Scaling renewable energy is key to decarbonise societies. But equally important is expanding energy infrastructure to follow suit.
Here is a chicken and egg problem: Green energy needs infrastructure to reach consumers. Until that infrastructure is ready, investors have little incentive to build more capacity.
But for entirely new forms of renewable energy – such as green hydrogen from Power-to-X – it’s not always clear when and where to build the infrastructure, precisely because there are still no large-scale producers to connect it to.
So how do you make sure the infrastructure is built in time to keep up with the pace of the green transition, without making costly mistakes such as building pipelines to nowhere?
That is the question we asked Stine Grenaa Jensen, Vice president for System development at Energinet. As the Danish Transmission System Operator, Energinet is responsible for laying the groundwork for the green transition in the form of energy cables and pipelines, including those that carry hydrogen instead of natural gas.
Watch the full interview (above). A transcript is provided below, edited lightly for clarity.
Stine Grenaa Jensen: “It is a chicken and egg problem we have to solve, and the main reason is that we are talking about huge investments. Not only in infrastructure, wind turbines and solar farms, but also if you want to refine the hydrogen for other products like ammonia or methanol. So the amount of investments going into these large-scale projects automatically gives a chicken and egg problem we have to solve. It’s not impossible, but it requires all the different parts of the value chain come together and find out how to not only time the investment but also talk about what the demand for infrastructure is in the specific cases.
“Because it is rather different things whether you go for onshore wind turbines, solar farms and then local methanol production, or if you are looking into large scale offshore wind turbines and then export of hydrogen. It requires very different combinations of not only hydrogen infrastructure, but also the electricity infrastructure.”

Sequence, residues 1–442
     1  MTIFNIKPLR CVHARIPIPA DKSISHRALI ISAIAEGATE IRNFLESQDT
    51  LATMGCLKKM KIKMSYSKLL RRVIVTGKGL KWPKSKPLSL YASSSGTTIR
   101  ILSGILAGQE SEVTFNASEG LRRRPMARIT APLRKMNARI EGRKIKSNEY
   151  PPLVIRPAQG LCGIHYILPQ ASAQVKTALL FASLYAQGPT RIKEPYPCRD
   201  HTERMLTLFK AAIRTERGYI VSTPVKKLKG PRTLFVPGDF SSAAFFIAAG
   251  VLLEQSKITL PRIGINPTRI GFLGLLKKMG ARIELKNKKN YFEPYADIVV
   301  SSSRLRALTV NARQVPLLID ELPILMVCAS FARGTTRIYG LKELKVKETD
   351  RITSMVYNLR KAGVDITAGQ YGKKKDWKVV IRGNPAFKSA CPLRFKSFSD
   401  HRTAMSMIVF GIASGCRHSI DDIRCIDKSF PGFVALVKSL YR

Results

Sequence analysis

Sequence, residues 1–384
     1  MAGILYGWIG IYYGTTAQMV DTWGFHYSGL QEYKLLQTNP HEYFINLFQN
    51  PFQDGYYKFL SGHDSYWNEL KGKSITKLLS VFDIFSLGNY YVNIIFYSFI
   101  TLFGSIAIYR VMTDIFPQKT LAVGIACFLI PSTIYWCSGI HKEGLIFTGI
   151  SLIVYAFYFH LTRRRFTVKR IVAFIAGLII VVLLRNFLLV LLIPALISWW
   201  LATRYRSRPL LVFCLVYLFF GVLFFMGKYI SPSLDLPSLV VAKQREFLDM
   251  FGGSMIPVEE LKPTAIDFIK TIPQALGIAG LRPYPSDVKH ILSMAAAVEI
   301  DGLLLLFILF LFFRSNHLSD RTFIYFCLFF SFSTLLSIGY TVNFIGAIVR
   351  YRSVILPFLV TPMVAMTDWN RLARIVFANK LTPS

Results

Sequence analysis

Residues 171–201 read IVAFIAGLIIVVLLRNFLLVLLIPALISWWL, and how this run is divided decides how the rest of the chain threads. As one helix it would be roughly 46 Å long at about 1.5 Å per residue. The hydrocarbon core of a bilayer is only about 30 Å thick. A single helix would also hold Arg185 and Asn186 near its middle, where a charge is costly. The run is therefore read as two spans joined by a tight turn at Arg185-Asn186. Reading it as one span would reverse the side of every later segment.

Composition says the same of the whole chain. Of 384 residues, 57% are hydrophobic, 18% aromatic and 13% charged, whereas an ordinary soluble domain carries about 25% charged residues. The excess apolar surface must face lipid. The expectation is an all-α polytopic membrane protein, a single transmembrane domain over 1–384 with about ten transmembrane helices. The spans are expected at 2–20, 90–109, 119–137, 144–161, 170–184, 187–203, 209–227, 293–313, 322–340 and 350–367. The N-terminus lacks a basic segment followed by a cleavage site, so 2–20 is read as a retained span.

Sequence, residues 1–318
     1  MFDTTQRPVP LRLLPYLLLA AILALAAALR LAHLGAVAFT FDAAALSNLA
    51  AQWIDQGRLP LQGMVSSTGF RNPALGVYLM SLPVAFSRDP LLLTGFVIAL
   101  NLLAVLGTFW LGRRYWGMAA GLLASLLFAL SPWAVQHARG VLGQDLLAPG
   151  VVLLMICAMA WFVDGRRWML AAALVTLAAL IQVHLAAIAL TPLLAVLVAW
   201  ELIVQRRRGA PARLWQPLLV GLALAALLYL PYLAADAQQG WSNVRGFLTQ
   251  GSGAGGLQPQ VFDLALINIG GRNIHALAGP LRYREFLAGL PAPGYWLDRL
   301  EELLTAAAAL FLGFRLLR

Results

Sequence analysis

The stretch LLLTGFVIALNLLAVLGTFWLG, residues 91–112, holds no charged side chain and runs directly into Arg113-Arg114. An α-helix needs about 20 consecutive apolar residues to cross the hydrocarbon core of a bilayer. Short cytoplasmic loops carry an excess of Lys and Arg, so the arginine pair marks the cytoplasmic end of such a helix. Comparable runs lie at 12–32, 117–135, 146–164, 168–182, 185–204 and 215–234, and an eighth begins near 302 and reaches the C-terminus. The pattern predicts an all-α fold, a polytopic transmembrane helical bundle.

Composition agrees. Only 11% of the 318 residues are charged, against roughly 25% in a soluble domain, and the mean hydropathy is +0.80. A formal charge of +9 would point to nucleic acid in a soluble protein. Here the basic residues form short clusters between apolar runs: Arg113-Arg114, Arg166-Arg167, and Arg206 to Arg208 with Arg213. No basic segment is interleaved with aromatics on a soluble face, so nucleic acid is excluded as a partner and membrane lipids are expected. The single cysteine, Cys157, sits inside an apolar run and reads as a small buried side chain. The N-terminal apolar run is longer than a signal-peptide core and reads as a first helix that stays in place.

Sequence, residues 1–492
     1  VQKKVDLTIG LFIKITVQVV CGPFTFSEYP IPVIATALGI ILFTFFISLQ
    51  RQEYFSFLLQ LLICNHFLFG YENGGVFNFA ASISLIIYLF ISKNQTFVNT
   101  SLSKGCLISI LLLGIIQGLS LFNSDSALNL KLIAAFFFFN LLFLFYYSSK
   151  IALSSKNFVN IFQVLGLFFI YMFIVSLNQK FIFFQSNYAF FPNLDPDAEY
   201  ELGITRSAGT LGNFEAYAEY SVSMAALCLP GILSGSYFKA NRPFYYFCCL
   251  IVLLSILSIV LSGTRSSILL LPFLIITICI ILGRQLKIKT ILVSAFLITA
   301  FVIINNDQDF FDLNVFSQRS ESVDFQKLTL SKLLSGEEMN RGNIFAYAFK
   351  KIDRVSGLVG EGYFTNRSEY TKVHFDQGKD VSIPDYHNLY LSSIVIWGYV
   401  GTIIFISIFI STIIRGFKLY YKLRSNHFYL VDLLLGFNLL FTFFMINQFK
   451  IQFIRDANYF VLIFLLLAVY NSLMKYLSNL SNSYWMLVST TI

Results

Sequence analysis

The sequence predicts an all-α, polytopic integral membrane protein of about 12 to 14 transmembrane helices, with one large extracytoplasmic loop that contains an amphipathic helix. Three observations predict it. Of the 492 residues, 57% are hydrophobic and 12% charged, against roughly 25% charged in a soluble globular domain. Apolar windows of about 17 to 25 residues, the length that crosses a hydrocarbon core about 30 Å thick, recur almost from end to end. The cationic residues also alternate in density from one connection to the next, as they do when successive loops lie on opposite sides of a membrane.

“In a Danish context, the main resource and input for the Power-to-X value chain comes from a lot of renewable energy. So then the question becomes how to use this renewable energy, not just for consumption, but also in order to support the green transition. And this is more about that we go firstly for direct electrification – in the sectors where we can do that – and then the second is energy savings, which is more and more discussed at the moment with the energy crisis. And then afterwards it is a matter of trying to convert electricity to other types of molecules that can enable a green transition. For Energinet it is not ‘either-or’, it is a variety of different possibilities to decarbonise different sectors, and we have to support all the different value chains.”
“Since we started working on this several years ago, the saying was more that we have to do a lot of research. But producing and using hydrogen is not a new technology: it is more than 100 years old, we already have existing hydrogen pipelines, but often within industry clusters that are transporting hydrogen for industry processes, and there is actually a lot of experience we can use in the energy sector on how to build hydrogen infrastructure. We of course have to learn how to build up the markets, how to make the balancing, how to handle it at large scale and upscaling it. But I don’t think it is a basic question of how we deal with hydrogen, but more on how to do the upscaling.”
“I heard someone say ‘never waste a good crisis’. If we have to have it, then it’s a good idea not to waste it. But this crisis actually pushes forward the green transition. From Energinet’s perspective, it is very important that we do all we can to enable that and keep up the pace. And the best way to do that, in our view, is to ensure the infrastructure that is needed, and ensure it is inter-linked.”
In 2021, Energinet published a study of what it would take to repurpose a pipeline from Denmark to Germany from natural gas to hydrogen. The study finds that it can be done quickly, flexibly and efficiently – but stress that market signals are needed to understand what the future hydrogen demand and production is likely to be.
Source: Pre-feasibility Study for a Danish-German Hydrogen Network, Energinet